Residents of Mwalija village received a rude awakening when their homes were rattled and flooded by Cyclone Idai in March.
"It was a scary situation and we rushed to the site where there is a solar panel," said Hannah Longeya, pointing at the fence surrounding the solar power system on higher ground.
"The water reached neck height," she said, adding that some people were forced to hang onto tree branches.
The small solar plant, installed by international development charity Practical Action with European Union funding in 2016, sits on a raised area close to the Shire River, a major source of flooding in this part of southern Malawi.
But the UK-based aid agency said the solar panels survived the powerful cyclone due to forward planning, which it hopes will pay off as climate change brings more extreme weather.
The metal stands holding the solar panels are 15 cm (6 inches) thick and sunk deep into the soil, as well as reinforced with concrete, so they were able to withstand Idai's high winds and heavy rain.
Now with the solar installation having protected villagers in Chikwawa district from the storm's immediate danger, they are hoping it can help them get their lives back on track faster.
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The solar micro-grid was supplying power to an irrigation scheme, a school, a clinic and a business development centre.
Villagers have now relocated almost 3 km (1.86 miles) from their damaged homes, where they hope they will be safer from future extreme weather. But they want to come back to their land and start farming again.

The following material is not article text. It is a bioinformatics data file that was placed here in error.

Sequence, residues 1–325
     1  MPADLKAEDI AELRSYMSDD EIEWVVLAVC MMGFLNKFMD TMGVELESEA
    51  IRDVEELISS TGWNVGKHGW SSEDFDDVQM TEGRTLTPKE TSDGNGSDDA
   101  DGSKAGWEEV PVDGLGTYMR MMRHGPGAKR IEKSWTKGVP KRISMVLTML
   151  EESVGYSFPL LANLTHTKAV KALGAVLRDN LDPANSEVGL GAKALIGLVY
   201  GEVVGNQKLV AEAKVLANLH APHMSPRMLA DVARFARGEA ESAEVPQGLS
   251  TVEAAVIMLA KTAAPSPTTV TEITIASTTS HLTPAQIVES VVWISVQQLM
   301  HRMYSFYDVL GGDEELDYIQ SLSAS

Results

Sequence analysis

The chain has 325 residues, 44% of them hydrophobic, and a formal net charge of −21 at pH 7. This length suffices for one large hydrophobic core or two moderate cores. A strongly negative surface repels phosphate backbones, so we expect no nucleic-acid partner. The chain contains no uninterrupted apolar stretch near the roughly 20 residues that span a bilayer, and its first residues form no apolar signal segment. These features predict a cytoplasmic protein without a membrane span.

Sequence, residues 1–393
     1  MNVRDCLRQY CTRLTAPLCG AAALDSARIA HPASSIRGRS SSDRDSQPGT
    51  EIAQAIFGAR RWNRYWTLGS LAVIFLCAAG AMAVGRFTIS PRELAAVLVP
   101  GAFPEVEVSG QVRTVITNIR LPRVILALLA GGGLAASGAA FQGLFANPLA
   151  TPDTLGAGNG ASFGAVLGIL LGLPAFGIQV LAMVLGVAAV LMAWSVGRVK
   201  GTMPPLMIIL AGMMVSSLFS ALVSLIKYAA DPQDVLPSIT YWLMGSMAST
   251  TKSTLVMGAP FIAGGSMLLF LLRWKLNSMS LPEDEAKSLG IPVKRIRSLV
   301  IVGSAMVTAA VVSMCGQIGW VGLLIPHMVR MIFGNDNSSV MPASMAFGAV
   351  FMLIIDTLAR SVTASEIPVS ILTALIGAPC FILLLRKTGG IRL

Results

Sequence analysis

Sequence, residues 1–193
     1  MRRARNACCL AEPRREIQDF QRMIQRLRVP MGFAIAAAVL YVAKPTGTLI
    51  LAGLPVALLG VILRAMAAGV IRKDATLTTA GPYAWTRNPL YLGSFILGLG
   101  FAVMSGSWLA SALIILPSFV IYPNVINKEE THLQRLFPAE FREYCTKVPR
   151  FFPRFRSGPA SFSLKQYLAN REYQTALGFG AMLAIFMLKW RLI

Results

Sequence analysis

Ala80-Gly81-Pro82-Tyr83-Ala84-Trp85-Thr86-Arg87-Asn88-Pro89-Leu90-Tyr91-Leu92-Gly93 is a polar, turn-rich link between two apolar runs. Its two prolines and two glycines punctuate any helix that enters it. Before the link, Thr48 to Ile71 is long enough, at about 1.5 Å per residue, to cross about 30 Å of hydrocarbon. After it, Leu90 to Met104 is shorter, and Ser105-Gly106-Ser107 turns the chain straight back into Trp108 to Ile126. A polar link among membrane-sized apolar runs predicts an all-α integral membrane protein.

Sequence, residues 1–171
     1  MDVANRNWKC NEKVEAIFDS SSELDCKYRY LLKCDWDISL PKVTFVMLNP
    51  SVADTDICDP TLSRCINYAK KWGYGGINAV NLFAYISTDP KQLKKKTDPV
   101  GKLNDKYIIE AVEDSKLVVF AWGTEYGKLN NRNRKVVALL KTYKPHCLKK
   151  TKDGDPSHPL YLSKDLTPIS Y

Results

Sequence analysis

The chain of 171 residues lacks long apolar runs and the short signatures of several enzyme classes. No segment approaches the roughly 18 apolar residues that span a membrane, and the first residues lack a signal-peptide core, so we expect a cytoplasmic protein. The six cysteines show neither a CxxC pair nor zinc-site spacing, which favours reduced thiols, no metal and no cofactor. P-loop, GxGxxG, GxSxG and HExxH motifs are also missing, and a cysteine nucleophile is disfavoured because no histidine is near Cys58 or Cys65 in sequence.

Local authorities are also considering extending the power lines from the solar micro-grid to serve the villagers' new homes.
Practical Action's southern Africa director, Kudzai Marovanidze, said Cyclone Idai was a "stark and deadly reminder" of the impact of climate change on the world's poorest people.
The storm made landfall in mid-March near Beira City in Mozambique and then barreled westwards over eastern Zimbabwe, also causing massive floods in Malawi.
It killed more than 1,000 people in the three countries and left nearly 3 million in need of humanitarian aid.
A massive relief operation, led by U.N. agencies and international humanitarian groups, has assisted about 732,000 survivors in Malawi with emergency food, as well as providing them with clean water, sanitation and other essentials.
Marovanidze said such weather hazards were becoming more frequent and intense.
"We must ensure that climate resilience is at the centre of all future development work so that people have the skills, tools and knowledge to cope with, and recover from, disasters," he said in emailed comments.
"If the aid community, along with national governments and international institutions like the U.N. and the World Bank don't approach things differently, millions of dollars of investment will continue to be lost," he added.
A number of Practical Action's aid projects were affected by the cyclone, including solar-powered irrigation and micro-grids in Zimbabwe and Malawi - but 85 percent survived, it said.